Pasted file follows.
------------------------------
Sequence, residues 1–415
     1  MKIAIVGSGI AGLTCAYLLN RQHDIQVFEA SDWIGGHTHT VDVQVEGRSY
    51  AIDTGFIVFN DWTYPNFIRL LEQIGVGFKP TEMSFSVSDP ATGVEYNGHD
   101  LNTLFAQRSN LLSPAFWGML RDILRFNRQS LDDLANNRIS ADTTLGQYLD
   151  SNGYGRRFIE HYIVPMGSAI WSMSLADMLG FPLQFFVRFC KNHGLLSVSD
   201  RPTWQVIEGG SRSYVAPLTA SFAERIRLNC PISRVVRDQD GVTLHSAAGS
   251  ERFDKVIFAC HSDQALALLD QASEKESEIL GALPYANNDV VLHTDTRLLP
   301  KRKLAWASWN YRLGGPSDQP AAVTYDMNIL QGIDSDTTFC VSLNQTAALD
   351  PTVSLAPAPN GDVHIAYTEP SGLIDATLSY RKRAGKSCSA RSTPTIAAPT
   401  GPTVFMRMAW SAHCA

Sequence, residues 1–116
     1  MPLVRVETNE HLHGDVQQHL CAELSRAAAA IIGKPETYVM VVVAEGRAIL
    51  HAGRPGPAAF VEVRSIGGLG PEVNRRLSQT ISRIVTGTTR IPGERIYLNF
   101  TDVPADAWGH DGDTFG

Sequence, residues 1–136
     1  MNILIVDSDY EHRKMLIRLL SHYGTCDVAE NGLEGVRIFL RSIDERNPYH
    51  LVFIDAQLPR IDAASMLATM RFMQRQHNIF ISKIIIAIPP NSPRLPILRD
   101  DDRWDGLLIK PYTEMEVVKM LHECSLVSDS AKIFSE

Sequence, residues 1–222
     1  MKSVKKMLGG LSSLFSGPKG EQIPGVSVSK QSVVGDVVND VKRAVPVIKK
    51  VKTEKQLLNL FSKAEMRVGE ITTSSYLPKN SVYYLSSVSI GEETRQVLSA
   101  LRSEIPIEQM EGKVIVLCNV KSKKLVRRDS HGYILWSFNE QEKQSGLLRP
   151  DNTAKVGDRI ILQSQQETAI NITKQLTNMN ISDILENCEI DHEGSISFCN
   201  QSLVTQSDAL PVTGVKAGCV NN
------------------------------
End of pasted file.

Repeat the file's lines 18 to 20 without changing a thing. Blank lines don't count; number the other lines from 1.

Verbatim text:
   101  DDRWDGLLIK PYTEMEVVKM LHECSLVSDS AKIFSE

Sequence, residues 1–222
     1  MKSVKKMLGG LSSLFSGPKG EQIPGVSVSK QSVVGDVVND VKRAVPVIKK